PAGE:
In the context of the 2023 BRICS meeting at the end of August, the subject of adopting a shared currency among the BRICS countries (Brazil, Russia, India, China, and South Africa) raises various questions regarding the future global geopolitical balance. In recent years, BRICS countries have pledged to invest more in their currencies as part of a broader effort to strengthen their economies and balance the hegemony of the US dollar. Therefore, a BRICS currency would be unique, symbolizing a novel alliance of emerging forces that collectively surpass not just the current reigning power, the United States, but also the entire G-7 weight in terms of GDP.
UNDERSTANDING THE PRINCIPLE OF THE BRICS CURRENCY
The 2023 BRICS summit, scheduled from August 22nd to 24th, has sparked debates about the potential for the BRICS countries to establish a unified currency. This concept stems from a straightforward observation: presently, 88% of global transactions occur in dollars, while the BRICS, collectively, account for 31% of the worldwide GDP, surpassing the combined GDP of the G7 nations (Germany, Canada, the United States, France, Italy, Japan, and the United Kingdom).
Note: These are currency pairs, each leg is represented, which is why the sum exceeds 100%.
This situation has various negative consequences for the BRICS countries. For starters, the United States controls its currency and hence has the ability to use the dollar as a sanctioning instrument. This has been seen in circumstances such as Russia’s sanctions, which included limits on dollar transactions, forcing the country to seek alternatives to the greenback.
This reliance on the dollar suggests that the BRICS countries are vulnerable to the United States monetary and fiscal policies.
On paper, the notion is simple: allow these countries to no longer rely on the United States for commercial exchanges.
RETURN TO THE GOLD STANDARD?
To further comprehend the concept of a gold-backed currency, let’s look at the many phases required in establishing this common currency.
Initially, the currency’s exchange rate would be fixed in relation to the weight of gold.
Countries that use this single currency would then acquire gold reserves to assure the currency’s convertibility based on each country’s gold holdings.
This action would assist in constraining the currency in circulation, linking it to the gold holdings of each country. Consequently, each state’s central bank could independently pursue its own monetary policy.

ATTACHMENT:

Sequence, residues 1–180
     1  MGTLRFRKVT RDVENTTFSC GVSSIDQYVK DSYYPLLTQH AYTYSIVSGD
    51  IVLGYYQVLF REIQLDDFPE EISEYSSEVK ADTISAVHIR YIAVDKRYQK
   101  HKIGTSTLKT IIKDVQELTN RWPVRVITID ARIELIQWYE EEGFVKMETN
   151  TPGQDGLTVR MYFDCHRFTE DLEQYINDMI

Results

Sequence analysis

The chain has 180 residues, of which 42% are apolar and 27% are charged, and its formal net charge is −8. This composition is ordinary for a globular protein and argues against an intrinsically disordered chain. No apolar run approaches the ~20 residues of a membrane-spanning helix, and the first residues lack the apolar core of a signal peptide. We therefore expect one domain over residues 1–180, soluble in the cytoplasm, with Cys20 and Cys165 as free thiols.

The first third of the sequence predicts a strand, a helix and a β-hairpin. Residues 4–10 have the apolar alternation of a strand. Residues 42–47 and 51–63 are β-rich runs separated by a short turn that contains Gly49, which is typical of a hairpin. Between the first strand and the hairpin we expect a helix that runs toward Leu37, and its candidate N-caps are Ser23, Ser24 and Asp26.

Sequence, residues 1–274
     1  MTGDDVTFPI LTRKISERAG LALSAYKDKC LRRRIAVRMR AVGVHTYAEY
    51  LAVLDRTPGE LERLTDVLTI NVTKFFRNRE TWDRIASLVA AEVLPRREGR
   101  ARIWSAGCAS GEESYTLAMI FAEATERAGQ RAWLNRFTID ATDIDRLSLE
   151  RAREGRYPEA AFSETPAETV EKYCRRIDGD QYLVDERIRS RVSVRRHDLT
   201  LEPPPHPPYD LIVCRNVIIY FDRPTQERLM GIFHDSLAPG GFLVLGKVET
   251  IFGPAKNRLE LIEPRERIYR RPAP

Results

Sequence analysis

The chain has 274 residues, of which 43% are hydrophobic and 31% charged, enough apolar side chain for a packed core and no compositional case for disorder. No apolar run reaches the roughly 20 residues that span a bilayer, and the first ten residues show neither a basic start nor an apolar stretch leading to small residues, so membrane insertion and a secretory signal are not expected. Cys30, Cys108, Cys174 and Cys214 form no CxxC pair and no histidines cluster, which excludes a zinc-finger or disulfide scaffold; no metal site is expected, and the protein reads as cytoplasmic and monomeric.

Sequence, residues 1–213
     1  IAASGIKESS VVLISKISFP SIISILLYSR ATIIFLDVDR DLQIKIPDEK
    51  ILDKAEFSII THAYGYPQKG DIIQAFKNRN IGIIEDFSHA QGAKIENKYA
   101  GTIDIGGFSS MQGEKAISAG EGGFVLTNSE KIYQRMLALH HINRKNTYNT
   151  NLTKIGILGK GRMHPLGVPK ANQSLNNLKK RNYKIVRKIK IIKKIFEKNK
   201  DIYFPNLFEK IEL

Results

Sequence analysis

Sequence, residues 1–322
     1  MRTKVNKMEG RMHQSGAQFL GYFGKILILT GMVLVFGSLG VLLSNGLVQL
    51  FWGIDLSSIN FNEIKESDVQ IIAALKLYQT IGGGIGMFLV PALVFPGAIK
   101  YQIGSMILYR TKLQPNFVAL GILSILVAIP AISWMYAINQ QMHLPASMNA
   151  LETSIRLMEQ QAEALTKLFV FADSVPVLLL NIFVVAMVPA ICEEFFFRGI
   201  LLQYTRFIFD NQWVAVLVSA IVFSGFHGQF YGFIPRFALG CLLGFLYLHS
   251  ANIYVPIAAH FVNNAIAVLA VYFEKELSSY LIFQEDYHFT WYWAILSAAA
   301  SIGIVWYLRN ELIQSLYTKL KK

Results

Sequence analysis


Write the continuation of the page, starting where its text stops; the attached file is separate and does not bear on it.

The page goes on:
So, this would constitute a fundamental difference from the Euro, which, with the ECB, has a single monetary policy for all its adopting members, thereby influencing the budgetary policies of the member states.
In spite of an attractive narrative, there are several factors that make the prospect of immediate adoption unlikely.
The first barrier appears to be the huge disparity across the BRICS states. This is due to their differing political systems, which range from authoritarianism to democracy, as well as their disparate appetites for commodities.
China and India are important importers, whereas Brazil and Russia are major exporters. This would imply that importer countries would need to reinvest gold in order to turn it into the common currency for purchasing commodities, but exporter countries would accrue the common currency by selling their goods. This presents a long-term question about the currency’s convertibility.
The second point is the Chinese economy’s asymmetry in comparison to other members, with a GDP that is more than twice the sum of the other member states. This might lead to an association in which China becomes the dominating power, with other members reduced to satellite status.
Lastly, the volume of trade between BRICS remains relatively modest today (as shown in the table below). For comparison, intra-European Union exports were 360 billion in 2022.
From a broader perspective, achieving widespread adoption would require gaining the trust of users who currently benefit from a liquid and standardized market due to the dollar, with its assured convertibility. Additionally, questions arise about the futures market that allows hedging on commodities, primarily traded in dollars.
The BRICS summit in Johannesburg will be particularly interesting to observe, given the current geopolitical context.
Although there appears to be a shared desire among member states to become less reliant on the dollar, the solution does not seem imminent.
China’s dominant position within the group could potentially lead the BRICS into a showdown between the two giants, the United States and China.
Note: This post is a translation of the Vers une devise BRICS? blog post.
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